The problem’s these advertisers are experiencing are likely centered on two mobile apps, the the biggest culprit is one of my favorite music apps – Pandora. The overwhelming majority of my mobile Content Network clicks and costs are from Pandora. There isn’t any text triggering the ads on Pandora, the title of the songs doesn’t matter. The ads are just “Display Advertising”. On top of all that the layout of Pandora with the Google Content Network ad is practically MADE for the ACCIDENTAL CLICK, as noted by the AdWords Help Forum:
Because the size of the screen is under 3.5″ diagonal I’ve accidentally clicked these ads during normal use. One application in particular, Pandora, displays advertisements right above the playback buttons (Rewind, Stop, Play, etc.) and it is very easy to accidentally click these ads. Multiply the number of the users by the average number of accidental clicks and you’ve got an expensive campaign on your hands.
As a Pandora mobile user I can tell you that the real culprit is the voting buttons for “thumbs up” or “thumbs down” that helps Pandora customize and improve the music is serves up for you. I accidentally click on Google AdWords ads all the time when doing this.
The second biggest culprit is something called “StyleM” backgrounds which are desktop backgrounds for your mobile phone. The majority of my mobile Content Network impressions are from this App. Again these ads are purely display ads. Their is nothing in the way of any content that will trigger your ads.
My results, made my decision on what to do with my mobile Content Network advertising on AdSense for mobile apps very easy. My conversion costs were about 100 times more expensive than normal. So I obviously excluded my ads from showing there.
I have a major problem with Google essentially changing the rules of Content Network just for AdSense for Mobile Apps. The reasons are numerous:
- Like with the changes in Content Network on Gmail, there has essentially been NO NOTICE to advertisers about how things have changed.
- It’s purely “Display Advertising” but Google is still clearly touting it (Content Network) as being more effective than that. This needs to be a completely different product offering separate from regular Content Network Advertising.
- Google appears to be targeting Ad Groups with the highest default cost per click to show the ads on mobile apps, those bids are set higher because the keywords have been deemed to be best at converting – but the mobile apps don’t have ANY content matching those high default CPC keyword groups.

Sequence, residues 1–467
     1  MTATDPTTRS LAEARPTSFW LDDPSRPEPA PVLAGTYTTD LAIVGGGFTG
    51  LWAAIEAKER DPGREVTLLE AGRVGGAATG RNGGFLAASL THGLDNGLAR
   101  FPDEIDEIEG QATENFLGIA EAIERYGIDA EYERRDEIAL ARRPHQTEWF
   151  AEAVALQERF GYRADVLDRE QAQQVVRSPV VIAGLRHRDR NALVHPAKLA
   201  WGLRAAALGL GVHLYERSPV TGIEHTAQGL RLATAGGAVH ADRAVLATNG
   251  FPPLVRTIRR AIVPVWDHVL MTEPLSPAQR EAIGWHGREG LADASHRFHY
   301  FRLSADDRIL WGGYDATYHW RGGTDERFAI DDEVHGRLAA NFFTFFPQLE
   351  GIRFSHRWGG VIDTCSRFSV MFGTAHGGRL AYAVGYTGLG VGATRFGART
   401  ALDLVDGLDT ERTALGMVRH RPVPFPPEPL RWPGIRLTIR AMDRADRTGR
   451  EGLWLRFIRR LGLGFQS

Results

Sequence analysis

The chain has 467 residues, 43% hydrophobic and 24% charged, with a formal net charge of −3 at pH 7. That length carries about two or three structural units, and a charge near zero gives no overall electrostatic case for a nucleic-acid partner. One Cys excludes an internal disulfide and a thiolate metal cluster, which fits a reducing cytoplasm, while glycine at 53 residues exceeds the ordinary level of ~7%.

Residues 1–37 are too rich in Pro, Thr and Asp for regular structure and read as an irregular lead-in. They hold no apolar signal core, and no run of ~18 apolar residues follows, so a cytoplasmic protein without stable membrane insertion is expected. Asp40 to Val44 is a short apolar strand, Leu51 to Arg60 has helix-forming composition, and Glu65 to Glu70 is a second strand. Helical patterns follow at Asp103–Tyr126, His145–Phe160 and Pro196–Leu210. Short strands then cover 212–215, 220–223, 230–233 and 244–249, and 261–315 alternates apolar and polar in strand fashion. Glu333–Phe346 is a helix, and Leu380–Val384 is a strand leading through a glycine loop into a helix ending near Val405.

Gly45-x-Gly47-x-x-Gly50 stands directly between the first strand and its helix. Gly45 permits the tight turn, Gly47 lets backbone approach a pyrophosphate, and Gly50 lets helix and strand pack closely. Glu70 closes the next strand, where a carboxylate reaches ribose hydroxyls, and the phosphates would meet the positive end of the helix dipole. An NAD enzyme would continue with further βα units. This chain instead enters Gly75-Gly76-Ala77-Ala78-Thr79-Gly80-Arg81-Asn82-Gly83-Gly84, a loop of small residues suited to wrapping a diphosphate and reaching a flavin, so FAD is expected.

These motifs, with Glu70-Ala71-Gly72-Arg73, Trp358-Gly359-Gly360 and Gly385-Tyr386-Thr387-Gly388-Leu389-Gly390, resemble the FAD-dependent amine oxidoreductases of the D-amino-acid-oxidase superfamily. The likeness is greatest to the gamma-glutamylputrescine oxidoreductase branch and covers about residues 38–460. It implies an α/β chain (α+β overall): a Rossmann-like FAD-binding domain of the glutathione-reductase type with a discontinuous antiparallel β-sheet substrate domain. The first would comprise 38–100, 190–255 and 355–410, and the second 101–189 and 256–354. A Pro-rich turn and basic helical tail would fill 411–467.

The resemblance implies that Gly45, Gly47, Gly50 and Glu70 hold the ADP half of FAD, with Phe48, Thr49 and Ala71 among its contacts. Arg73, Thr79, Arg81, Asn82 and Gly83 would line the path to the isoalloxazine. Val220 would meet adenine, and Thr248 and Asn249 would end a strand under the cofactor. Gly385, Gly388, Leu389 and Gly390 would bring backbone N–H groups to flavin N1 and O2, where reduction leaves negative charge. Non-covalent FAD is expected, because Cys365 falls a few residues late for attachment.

- Google is taking advantage of the majority of its advertisers, that should, but don’t monitor and exclude their Content Network clicks responsibly. They trust Google too much and are giving them the benefit of the doubt.
- There are obvious tactics on how to use display advertising on mobile apps more effectively, but Google appears to be opting for keeping advertisers in the dark as to what they are and reaping larger revenues as a result.
- Irrelevance: Relevance and Context is the key to successful search engine marketing and Google is completely ignoring all the work advertisers do to make their advertising relevant. They are just randomly showing any ad they feel like to mobile users – although I’m guessing they are showing the most expensively bid Ad Groups first. They are trying to sell something to someone that they aren’t looking for.
The reality is that AdSense for Mobile Apps is only going to get bigger. Google recently paid $750 Million for Ad Mob. The FTC recently approved this transaction. Ad Mob is a huge mobile advertising platform and many of its publishers are on mobile apps.
Their is a way to make this product work for you as an advertiser, but that way and the best way to do Google Content Network advertising are not the same thing. I’ll address how I think advertisers should use mobile display advertising on Apps in the future – but here’s a hint: Think local – Think geo-targeted and think old fashioned brick and mortar businesses…